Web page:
Such a mysterious explosion was heard in the early morning hours of May 9 in southwest Ohio. This report was filed by Kenny Young, investigator for T.A.S.K., the Tri-State Advocates for Scientific Knowledge. Young can be reached by email at email@example.com]
by Kenny Young
At 12:08 a.m., Friday morning May 9, 1997, a mysterious "BOOM" shook a large area in the vicinities of Debolt and Main Street (S.R. 32) in the community of Newtown, Ohio, which is in the eastern section of Hamilton County [just east of Cincinnati].
T.A.S.K. investigator Charles Stuart acquired news of the event following the 2:00 a.m. newscast on radio station WLW, when the event was the top news story.
A phone call placed at 2:08 a.m. to the Hamilton County Police & Fire Dispatch Center (513-825-2260) confirmed that "many" calls had been received regarding a "deep blast" that was heard at 12:08 a.m.
The dispatcher conveyed how their initial suspicion held that a transformer had exploded, but then added that "our investigations discounted that possibility."
During a second interview at 2:20 a.m. with Sergeant Foster, the officer stated that he had heard the [explosion].
"This was no boom, it was something big. It was not random fireworks, it sounded like a propane bomb," declared Sgt. Foster. The Sergeant described the commotion as a "deep explosion" which lasted 4 or 5 seconds.
The police sergeant also said that Fire Chief Dale Henderson suspected the mystery sound was affiliated with jet aircraft traffic flying overhead.
"They changed their flight corridor to the Greater Cincinnati Airport," Sgt. Foster said, "and the fire chief is looking into the possibilities that something unusual happened with one of these planes."
The Cincinnati Gas & Electric Emergency Reporting Center, advised of the matter by the Anderson Township Police Department, instructed the Electrical Trouble Department to proceed into the region. The repair crews scoured the area and reported no system problems [nor] customer complaints regarding service disruption.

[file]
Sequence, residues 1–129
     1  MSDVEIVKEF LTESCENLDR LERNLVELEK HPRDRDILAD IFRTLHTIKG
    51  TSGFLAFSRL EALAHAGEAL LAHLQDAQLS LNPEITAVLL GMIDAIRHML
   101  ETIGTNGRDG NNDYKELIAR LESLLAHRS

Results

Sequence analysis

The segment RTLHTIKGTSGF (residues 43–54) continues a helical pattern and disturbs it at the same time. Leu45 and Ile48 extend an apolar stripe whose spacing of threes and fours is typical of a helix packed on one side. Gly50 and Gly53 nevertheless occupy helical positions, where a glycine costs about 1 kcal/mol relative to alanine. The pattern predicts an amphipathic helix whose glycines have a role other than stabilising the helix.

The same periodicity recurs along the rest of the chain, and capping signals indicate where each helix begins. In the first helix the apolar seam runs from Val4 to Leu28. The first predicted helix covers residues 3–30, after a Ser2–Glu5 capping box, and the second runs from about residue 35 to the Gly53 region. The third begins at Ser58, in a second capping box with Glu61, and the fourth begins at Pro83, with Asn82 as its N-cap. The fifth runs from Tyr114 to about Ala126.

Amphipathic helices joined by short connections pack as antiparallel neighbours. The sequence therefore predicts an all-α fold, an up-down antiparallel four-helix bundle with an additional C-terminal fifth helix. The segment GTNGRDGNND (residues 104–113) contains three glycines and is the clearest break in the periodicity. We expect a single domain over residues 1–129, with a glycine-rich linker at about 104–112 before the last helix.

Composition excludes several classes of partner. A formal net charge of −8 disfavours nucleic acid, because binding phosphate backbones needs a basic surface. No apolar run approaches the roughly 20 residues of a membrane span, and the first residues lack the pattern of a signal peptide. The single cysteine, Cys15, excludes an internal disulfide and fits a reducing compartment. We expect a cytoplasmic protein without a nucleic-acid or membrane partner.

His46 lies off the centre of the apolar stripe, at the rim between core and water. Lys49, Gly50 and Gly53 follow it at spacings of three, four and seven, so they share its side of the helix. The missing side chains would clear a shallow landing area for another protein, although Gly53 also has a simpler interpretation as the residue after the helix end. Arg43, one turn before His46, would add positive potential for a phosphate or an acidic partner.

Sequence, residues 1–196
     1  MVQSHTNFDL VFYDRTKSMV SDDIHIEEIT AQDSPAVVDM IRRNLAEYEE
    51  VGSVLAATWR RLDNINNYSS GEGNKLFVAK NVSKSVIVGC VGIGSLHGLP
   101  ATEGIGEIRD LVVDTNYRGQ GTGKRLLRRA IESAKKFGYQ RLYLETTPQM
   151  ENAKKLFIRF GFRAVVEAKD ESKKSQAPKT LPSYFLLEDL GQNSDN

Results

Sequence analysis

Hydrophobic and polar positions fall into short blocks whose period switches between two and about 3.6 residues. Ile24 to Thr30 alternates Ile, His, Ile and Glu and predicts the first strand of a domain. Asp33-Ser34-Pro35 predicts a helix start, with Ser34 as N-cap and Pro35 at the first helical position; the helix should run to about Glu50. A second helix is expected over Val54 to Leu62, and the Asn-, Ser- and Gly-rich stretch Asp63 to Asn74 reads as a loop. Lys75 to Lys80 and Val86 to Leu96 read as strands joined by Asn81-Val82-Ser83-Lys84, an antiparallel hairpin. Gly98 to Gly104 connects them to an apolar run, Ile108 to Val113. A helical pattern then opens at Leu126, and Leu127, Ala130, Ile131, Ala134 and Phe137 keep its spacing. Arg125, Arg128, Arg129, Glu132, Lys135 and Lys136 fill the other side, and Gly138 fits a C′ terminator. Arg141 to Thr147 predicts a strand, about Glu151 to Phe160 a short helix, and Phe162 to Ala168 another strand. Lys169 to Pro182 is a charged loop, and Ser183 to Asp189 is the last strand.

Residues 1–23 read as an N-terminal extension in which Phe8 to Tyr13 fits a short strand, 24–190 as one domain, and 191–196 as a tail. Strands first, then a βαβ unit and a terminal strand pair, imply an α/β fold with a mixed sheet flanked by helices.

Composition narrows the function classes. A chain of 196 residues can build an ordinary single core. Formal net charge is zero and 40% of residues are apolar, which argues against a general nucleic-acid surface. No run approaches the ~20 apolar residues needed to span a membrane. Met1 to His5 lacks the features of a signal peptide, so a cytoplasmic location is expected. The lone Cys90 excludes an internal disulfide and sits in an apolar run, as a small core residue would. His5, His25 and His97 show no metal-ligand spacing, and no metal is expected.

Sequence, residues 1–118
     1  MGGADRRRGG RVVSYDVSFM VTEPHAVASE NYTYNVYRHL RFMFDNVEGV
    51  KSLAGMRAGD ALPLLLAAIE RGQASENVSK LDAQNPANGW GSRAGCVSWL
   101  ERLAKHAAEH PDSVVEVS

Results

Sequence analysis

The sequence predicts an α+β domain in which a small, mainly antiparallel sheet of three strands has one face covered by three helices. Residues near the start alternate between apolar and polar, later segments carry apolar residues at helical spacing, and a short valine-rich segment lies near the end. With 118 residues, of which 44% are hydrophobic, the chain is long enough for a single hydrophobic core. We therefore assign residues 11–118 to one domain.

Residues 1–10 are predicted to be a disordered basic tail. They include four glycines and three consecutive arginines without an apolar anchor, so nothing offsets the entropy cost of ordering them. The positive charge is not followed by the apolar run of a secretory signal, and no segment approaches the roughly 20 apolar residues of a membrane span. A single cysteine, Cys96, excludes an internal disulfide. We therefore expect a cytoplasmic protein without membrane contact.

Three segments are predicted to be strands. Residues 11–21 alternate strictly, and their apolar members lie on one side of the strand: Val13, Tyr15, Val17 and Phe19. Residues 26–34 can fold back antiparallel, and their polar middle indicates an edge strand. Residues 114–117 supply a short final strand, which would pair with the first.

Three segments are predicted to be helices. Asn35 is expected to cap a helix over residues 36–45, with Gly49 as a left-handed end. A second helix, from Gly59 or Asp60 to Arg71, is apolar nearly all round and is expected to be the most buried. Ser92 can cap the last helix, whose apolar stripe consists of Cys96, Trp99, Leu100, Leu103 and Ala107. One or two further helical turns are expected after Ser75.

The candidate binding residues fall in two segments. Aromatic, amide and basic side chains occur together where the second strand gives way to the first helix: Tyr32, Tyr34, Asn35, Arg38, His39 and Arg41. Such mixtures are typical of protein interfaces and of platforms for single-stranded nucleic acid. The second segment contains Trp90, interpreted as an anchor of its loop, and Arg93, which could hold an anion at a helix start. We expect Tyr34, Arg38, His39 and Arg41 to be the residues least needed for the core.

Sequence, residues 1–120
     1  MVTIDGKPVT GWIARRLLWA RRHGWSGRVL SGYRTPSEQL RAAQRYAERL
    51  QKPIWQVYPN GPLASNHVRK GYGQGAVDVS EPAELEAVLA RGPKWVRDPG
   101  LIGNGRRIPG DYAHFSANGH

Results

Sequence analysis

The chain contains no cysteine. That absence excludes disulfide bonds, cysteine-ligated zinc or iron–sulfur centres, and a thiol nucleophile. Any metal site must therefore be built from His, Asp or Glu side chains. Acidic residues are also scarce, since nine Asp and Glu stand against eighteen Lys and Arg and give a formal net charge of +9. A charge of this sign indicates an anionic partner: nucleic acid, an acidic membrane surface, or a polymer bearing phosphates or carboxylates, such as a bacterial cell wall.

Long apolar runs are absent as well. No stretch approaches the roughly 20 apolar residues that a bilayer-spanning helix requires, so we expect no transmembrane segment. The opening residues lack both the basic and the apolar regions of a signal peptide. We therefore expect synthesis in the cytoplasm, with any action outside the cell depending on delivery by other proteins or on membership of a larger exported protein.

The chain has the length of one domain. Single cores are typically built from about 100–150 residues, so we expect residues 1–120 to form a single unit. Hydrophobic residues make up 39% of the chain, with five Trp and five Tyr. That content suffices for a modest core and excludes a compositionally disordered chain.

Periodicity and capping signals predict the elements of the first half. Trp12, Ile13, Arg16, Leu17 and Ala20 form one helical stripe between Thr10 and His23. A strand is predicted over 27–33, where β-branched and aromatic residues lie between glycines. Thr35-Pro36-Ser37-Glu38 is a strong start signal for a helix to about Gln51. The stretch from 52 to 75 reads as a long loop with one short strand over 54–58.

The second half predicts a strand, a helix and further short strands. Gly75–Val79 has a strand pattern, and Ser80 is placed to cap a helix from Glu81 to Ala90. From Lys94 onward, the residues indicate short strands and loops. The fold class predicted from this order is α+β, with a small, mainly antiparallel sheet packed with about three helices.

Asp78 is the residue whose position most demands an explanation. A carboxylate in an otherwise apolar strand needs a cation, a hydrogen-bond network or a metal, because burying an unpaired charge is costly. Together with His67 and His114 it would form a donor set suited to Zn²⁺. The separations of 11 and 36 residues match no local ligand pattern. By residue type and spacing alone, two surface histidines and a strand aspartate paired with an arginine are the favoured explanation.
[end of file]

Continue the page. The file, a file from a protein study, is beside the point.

A clerk at a United Dairy Farmer convenience mart located at the intersection of Route 32 and Church Road in Newtown was contacted at 3:45 a.m. The night clerk, when asked about the boom, said, "I heard it. I thought a truck had hit the back of the store."
"The first thing I did was look outside, and there was a patrol cruiser that just happened to be stopped at the traffic light out front," [said] the night clerk. "It looked like the officer was hunkered down in his seat, crouched under the steering wheel. He sat there a few minutes, and then after awhile, his siren started flashing, and within three minutes, there were cops everywhere, and the sirens on top of the volunteer fire department started going off.'
The Cincinnati FAA tower was contacted at 8:20 a.m., where Mr. Dennis Klepper, the Quality Assurance Officer, was aware of the event but denied knowledge of any unusual aircraft malfunctions or other abnormalities which would have produced the thunderous boom.
"I heard the news reports on the radio this morning," Mr. Klepper said, "and I can't put my finger on any airplane coming out of this airport which would cause such a racket. A sonic boom would have to be a military aircraft, but if it was a sonic boom, it would have been heard beyond Newtown. If a plane blew up, we would know about it, and there would be fires or something. As far as a mechanical malfunction, I checked the operations log for the night and nothing was reported."
T.A.S.K. has also investigated the details of a similar and equally mysterious event [that happened] 6.75 miles north of Newtown on April 17. The disturbance was reported to the Clermont County and Miami Township police and fire services by residents of Thielmans Mobile Home Park on State Route 28 near Interstate 275. Attempts to explain the April 17th incident by various theories such as corona discharge and ball lightning have been explored.
Unlike the incident two weeks earlier, however, the May 9 disruption was not accompanied by a visible flash of light.
The weather conditions were as follows: Temperature: 61 degrees, clear skies, high haze. Variable cloudiness toward daybreak, no moon visible.
Original file name: CNI - PHANTOM BLAST.Ohio
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